Digital Transition: What would you have done differently if you were in charge?

#1
What would you change about the digital transition, or how would you have done it differently than the U.S. Government?

I think for starters, I would have made the $40 DTV Coupons good for at least 180 days from activation. It's taken an act of Congress (literally!) to finally allow people with expired coupons to reapply, but it's definitely one of the hiccups that I think the digital transition could have done without.
 

Todd2

DTVUSA Jr. Member
#2
Tell you one thing for sure, I wouldn't have allowed the pork spending by sponsoring the Nascar for part of the season to advertise "Are you ready for DTV". Absolutely ridiculous.
 

Aaron62

Contributor
Staff member
#3
Needless
Advertising
Same'ol
Cars
Annoying
Rednecks
Don't be messing with my Nascar dude, or with a name like that, should I say...troll.

Anyway, about the digital transition, I don't like the ambiguous mandate that the cable and satellite companies received in regards to their own Digital Transition.

The Digital TV Transition: FAQs - Consumer Corner - Cable and Satellite

Is the FCC making cable companies switch to digital service?

No. Cable companies are not required to switch to digital service. Cable companies may choose to make their service all or partly digital, but they are not required to change from the analog service they offer today. In fact, the FCC requires cable companies to continue to provide local stations in analog as long as they provide any analog service, even after June 12, 2009.
Sounds good here but wait, there's more...

Can my cable company make me get a box to receive the cable channels I receive today without a box?

Some cable companies have decided to switch to digital service. This is a business decision made by the cable companies and is not required by the federal government. Your cable company may decide to move certain cable channels off of its analog service tier and onto a digital service tier, or it may decide to switch to all-digital service at once, so that there is no analog service tier for any subscribers. If your cable company decides to move some or all of the channels it provides onto a digital service tier, it may notify you that you need to get "digital cable" equipment to continue receiving that cable service. This may include renting or purchasing a digital cable set-top box or purchasing a digital cable ready TV equipped with a "CableCARD" slot. The digital cable equipment is different from the digital-to-analog converter boxes that are used to receive over-the-air broadcast signals.[/quote]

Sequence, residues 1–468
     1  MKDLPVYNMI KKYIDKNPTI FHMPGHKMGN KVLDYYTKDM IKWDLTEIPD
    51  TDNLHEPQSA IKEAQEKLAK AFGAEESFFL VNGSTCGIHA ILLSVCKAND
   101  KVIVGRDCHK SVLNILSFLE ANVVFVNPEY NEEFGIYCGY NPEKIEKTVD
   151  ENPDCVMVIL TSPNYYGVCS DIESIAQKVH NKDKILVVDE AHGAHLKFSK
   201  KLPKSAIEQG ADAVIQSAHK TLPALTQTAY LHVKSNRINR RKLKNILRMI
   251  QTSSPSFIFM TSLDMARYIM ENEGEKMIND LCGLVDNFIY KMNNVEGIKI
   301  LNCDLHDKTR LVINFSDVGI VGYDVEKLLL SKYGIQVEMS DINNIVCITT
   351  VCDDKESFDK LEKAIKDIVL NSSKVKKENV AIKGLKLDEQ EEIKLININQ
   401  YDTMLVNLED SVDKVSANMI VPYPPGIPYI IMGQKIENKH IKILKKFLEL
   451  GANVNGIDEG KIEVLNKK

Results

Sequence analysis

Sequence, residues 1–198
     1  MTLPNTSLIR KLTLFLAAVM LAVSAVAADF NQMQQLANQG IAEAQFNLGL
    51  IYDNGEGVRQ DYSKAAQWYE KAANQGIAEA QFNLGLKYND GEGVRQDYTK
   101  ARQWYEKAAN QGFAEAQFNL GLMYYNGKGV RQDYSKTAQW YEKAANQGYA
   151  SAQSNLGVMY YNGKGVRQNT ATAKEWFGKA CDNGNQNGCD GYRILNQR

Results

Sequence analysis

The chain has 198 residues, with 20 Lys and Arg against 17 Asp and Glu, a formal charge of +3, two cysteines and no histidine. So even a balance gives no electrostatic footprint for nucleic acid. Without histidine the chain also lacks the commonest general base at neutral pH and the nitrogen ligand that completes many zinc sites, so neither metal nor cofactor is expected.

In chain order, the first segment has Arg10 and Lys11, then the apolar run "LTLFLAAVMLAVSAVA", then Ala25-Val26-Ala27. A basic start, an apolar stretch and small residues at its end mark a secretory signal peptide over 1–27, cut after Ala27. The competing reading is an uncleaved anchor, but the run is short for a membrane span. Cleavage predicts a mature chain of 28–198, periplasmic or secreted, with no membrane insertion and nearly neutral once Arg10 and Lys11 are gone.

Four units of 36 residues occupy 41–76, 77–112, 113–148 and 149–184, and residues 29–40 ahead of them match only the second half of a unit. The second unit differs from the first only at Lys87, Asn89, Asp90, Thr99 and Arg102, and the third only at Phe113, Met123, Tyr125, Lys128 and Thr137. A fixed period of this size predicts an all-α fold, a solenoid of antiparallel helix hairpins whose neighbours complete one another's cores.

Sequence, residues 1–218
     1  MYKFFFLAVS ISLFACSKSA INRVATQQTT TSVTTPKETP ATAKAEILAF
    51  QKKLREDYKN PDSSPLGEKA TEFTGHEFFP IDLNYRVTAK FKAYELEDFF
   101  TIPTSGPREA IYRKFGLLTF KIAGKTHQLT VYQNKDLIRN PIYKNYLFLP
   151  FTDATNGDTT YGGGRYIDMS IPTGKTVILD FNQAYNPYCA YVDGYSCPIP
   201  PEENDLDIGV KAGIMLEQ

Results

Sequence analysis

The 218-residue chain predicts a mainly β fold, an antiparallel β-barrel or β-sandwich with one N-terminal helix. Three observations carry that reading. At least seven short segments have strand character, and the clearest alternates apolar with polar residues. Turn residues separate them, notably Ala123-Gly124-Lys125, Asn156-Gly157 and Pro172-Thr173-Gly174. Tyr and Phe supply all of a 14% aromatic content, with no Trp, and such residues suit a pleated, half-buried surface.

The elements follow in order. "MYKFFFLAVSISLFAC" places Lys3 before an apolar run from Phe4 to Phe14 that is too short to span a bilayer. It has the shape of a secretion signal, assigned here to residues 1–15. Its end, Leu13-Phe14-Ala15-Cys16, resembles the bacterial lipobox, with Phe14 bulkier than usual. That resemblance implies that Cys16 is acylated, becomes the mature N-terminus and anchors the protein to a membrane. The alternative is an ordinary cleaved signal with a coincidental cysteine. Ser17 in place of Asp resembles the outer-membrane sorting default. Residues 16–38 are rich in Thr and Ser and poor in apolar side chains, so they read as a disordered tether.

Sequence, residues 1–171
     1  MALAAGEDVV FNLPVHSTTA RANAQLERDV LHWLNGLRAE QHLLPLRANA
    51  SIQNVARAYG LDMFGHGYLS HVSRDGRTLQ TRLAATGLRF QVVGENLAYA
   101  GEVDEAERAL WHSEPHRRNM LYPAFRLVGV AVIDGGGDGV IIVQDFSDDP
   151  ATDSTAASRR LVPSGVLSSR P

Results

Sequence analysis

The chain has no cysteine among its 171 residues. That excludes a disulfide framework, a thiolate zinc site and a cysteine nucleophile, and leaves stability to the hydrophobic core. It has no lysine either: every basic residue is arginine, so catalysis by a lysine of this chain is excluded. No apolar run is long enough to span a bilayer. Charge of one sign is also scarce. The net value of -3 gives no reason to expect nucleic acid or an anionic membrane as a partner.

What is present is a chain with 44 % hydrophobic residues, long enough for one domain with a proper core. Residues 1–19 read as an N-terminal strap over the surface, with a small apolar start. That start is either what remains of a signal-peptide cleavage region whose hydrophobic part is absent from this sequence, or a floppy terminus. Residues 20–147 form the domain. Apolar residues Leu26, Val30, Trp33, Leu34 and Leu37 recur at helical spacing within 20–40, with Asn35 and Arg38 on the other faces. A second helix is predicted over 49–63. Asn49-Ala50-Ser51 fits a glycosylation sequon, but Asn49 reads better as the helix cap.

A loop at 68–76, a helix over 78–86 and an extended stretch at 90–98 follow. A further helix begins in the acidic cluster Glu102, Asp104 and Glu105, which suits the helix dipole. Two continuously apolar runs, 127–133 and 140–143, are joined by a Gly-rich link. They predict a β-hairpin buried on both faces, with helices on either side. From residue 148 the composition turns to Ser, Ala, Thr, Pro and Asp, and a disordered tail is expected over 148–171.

Bah! My parents have to pay an extra $5.95/month because like 25% of the basic cable channels they were receiving are now being moved to a "digital tier".
 
#5
I'd make sure the coupon program was fixed, didn't deny those living in trailer courts or nursing homes (which to me was the very people the program was designed for was it not?) and allow Full-time RVers to have them, too.

NO EXPIRATION DATES!!! plus i'd have started the program not the last few months before the transition date, but also a few years back, that way any 'bugs' would be fixed along the way.